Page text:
But it was her husband Frank who she credits with opening her eyes about her son's capabilities to participate in everyday children's activities that she would have shielded him from. Her husband is an athlete. When the economy was better, he was a personal trainer at a gym, and he is a natural at many sports. A son, his son, should love sports as much as he does, he maintained. Even when Andy was quite young, Frank devised a host of creative ways to bring him into favorite family sports played with his two younger sisters. He installed a basketball hoop in the backyard, and he and Andy would "shoot hoops" together as he lifted him out of the wheelchair high enough above the rim so that Andy could drop the ball and score a goal.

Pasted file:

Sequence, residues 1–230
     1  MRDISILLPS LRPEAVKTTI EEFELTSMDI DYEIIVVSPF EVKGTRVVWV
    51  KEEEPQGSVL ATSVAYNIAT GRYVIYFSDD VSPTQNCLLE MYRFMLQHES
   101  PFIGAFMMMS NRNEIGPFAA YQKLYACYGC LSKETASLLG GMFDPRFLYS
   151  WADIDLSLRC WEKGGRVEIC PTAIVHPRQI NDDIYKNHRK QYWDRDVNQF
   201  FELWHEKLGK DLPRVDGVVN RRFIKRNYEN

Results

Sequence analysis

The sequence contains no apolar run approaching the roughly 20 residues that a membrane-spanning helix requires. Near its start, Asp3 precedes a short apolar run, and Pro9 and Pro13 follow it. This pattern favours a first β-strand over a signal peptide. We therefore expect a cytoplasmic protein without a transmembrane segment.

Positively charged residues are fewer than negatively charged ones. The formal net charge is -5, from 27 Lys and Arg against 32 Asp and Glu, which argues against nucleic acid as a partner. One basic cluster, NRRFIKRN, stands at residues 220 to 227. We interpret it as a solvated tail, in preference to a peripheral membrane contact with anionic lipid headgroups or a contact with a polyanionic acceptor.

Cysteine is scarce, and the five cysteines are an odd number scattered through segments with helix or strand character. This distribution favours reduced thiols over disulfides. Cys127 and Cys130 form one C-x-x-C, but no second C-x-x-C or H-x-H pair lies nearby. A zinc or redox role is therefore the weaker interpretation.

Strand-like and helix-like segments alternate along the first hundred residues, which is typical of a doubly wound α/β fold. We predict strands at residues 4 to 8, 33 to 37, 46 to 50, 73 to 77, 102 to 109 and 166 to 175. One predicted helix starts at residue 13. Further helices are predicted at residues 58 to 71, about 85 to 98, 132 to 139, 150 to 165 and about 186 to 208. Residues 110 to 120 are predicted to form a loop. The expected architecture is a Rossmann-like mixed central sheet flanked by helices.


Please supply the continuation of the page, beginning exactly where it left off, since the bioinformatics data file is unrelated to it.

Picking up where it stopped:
When Andy got older and bigger, Frank decided that he should get Andy involved in the local children's soccer team. Although it was a "special needs" soccer team, the children had cognitive disabilities rather than physical ones. Certainly none used wheelchairs or had the physical frailties Andy did. Tanya was terrified and absolutely refused. She and her husband fought about this for several years. What if he falls? she worried. Soccer can be a rough sport. He is so medically fragile-what can he do in his wheelchair? But her husband prevailed and she let her son go on the field. During one of those games, just as she feared, children accidentally knocked over his wheelchair and he toppled down. But, to her great surprise, he was not only okay; he didn't even seem to mind. He didn't act frightened at all. "Oh I was scared to death," she recounts. "But I guess my husband was right. I didn't realize I was holding Andy back, not letting him be the kid he should get to be." This is a story she has told more than once. It moves her every time. It catches her up short, this realization that despite all her determination that others see her son as capable, she herself underestimated him.